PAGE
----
Parched Cape Town, in South Africa, has managed to push back its “Day Zero” - an estimate of when taps in the city could run dry - to 2019 after successful water-saving efforts.
But in India, “Day Zero” has come and gone for residents in many parts of the country, where taps failed long ago and people have turned instead to digging wells or buying water.
An expanding population, growing demand for water from agriculture and industry, and poor management of water supplies have sent India’s groundwater to ever lower levels.
That reality, combined with rising temperatures, threatens worsening scarcity, experts say.
Nearly 163 million people among India’s population of 1.3 billion - or more than one in 10 - lack access to clean water close to their home, according to a 2018 WaterAid report.
That is the most of any country in the world, according to the UK-based charity, which aims to provide clean water and better hygeiene to people without them.
Disputes with neighbours over the sharing of water from rivers that cross national boundaries also means tensions are rising as water shortages grow, said Michael Kugelman, a deputy director and South Asia expert at the Wilson Center, a policy think tank in Washington D.C.
“Countries that get along the least are forced to share and cooperate over water resources, and many major rivers originate in, or pass through, politically contested and tense areas,” he told the Thomson Reuters Foundation.
“So you have population growth, intensifying climate-change impacts, poor water management and geopolitical tensions. It’s a perfect storm for greater water insecurity,” he said.
India is entangled in water disputes with its eastern and western neighbours - Bangladesh and Pakistan - which accuse it of monopolising water flows moving downstream toward them.
To the north and northeast, however, India fears a loss of water to upstream China, which plans a series of dams over the Tsangpo river, called the Brahmaputra as it flows into eastern India.
So you have population growth, intensifying climate-change impacts, poor water management and geopolitical tensions. It’s a perfect storm for greater water insecurity.
Michael Kugelman, deputy director and South Asia expert, Wilson Center
While India’s trans-boundary rivers are governed by treaties on how water should be shared, disputes are increasing as water shortages stoke tensions.
Apart from in Bhutan and Nepal, South Asia’s per capita water availability is already below the world average. The region could face widespread water scarcity - less than 1,000 cubic metres available per person - by 2025, Kugelman said.
Almost 600 million people in India are at high risk of being unable to continue relying on surface water - including in the country’s northwest and south, where much of the country’s staple wheat and rice are grown, according to the World Resources Institute.
Water supply in India may fall 50 percent below demand by 2030, the Asian Development Bank has forecast.
“Large parts of India have already been living with ‘Day Zero’ for a while now,” said Mridula Ramesh, author of an upcoming book on climate change.
“Much of it is because of bad management. Most cities lose between a third and a fifth of their water from pilferage or leakage through antiquated pipes, and we don’t treat and reuse wastewater enough,” she said.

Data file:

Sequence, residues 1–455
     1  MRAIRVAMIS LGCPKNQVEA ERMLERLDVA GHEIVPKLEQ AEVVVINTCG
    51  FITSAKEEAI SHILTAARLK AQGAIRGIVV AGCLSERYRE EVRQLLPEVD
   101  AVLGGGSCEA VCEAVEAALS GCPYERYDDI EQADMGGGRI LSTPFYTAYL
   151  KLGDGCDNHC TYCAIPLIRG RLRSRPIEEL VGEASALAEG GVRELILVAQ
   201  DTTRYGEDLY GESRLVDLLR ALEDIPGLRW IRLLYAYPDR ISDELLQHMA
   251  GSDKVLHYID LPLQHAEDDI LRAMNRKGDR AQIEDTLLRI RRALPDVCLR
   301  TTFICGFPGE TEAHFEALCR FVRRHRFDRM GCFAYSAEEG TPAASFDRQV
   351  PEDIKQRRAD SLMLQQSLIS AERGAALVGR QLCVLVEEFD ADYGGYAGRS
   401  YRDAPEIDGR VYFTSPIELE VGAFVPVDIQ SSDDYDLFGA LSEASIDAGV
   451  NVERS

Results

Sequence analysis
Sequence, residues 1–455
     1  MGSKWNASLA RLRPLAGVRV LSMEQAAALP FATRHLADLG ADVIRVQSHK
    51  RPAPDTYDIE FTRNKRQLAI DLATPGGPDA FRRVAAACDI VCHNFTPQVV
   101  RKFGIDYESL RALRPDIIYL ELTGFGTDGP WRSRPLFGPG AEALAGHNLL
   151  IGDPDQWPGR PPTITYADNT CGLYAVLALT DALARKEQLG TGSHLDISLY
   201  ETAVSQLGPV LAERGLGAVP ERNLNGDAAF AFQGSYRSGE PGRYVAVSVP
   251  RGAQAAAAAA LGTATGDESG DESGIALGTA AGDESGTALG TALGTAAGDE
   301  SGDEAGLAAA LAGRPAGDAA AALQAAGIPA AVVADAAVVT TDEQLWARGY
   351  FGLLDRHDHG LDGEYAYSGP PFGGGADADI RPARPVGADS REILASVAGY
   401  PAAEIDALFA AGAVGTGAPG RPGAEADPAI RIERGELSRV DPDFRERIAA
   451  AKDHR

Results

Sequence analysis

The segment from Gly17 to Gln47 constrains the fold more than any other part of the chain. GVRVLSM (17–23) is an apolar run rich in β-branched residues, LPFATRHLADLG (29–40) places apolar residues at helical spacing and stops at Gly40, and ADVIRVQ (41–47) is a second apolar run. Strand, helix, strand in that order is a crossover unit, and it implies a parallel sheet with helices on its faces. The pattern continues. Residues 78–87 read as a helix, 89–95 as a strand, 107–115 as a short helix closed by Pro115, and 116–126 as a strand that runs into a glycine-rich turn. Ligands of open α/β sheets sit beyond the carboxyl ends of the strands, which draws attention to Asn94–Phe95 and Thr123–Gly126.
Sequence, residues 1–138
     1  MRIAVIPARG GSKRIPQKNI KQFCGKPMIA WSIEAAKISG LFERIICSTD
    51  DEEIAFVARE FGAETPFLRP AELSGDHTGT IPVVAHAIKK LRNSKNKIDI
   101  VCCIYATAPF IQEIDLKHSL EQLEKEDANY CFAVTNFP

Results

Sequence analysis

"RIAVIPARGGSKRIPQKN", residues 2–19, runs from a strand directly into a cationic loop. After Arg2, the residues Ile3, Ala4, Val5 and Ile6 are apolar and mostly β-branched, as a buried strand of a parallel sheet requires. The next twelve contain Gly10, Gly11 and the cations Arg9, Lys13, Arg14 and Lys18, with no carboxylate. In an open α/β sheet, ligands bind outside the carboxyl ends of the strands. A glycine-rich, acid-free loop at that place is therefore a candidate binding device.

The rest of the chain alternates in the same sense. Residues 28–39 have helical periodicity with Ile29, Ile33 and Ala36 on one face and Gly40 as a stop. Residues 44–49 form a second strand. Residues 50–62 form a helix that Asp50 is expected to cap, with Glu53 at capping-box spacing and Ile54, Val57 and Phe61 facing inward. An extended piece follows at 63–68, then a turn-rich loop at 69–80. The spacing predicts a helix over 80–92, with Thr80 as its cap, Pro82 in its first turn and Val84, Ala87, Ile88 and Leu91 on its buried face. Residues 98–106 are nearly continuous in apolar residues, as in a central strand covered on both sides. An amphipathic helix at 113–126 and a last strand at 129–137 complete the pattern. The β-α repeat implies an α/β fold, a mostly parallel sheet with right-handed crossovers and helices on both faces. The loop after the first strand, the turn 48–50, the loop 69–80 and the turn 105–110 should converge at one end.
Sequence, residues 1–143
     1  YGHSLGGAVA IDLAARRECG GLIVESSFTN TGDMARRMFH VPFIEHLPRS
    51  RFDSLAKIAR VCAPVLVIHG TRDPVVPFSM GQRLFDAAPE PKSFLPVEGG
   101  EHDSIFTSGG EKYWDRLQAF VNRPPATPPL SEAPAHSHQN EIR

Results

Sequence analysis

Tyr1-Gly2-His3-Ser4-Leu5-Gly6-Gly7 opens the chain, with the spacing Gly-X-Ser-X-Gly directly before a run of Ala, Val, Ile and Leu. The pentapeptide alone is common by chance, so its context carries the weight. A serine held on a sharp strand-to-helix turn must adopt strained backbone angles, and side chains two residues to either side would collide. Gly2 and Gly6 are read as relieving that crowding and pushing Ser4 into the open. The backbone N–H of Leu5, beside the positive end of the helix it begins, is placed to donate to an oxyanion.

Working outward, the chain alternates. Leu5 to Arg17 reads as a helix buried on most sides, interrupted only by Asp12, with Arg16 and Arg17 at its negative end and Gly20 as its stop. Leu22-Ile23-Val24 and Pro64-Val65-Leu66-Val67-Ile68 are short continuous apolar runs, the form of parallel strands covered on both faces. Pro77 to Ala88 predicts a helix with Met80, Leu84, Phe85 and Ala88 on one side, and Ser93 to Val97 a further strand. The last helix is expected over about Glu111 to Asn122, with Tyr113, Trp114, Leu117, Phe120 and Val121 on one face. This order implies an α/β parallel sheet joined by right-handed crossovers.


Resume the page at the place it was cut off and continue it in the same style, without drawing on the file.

Bengaluru, Karachi and Kabul are among the 10 cities in the world that are “on the verge of an imminent water crisis”, according to a report last month by the Centre for Science and Environment (CSE), a research and advocacy group based in New Delhi.
Bengaluru, once known as the “city of lakes”, now relies heavily on groundwater, which is not being naturally replenished and cannot sustain the growing population, said Sushmita Sengupta at CSE.
“‘Day Zeros’ are inevitable unless cities push for judicious use of water - including rainwater harvesting and reuse of waste water, as well as more efficient irrigation, and regulation of tubewells,” she said.
India is one of the largest consumers of groundwater in the world, with worsening shortages attributed in part to subsidies that help farmers run electric irrigation pumps cheaply for longer than needed, and to a lack of limits on extracting water or digging wells.
Some states are taking steps to manage water better. Karnataka and Maharashtra require industries to use treated urban wastewater, with Gujarat and other states also planning similar measures.
But regulating water use is a politically sensitive issue - one few policymakers are keen to address, Kugelman said. That’s the case even as thousands of farmers migrate out of parched rural areas or commit suicide as their crops wilt, he said. .
Water scarcity is expected to force 50 to 70 million people in India, Bangladesh, Nepal and China from their homes by 2050, according to research by the Strategic Foresight Group in Mumbai.
“With greater migration to the cities, there will be increased social disruptions and greater stress on water resources in urban areas,” Kugelman predicted.
“These will, in turn, increase tensions between states and countries over water. Even treaties can’t help then.”
This story was published with permission from Thomson Reuters Foundation, the charitable arm of Thomson Reuters, that covers humanitarian news, women’s rights, trafficking, property rights, climate change and resilience. Visit http://news.trust.org)
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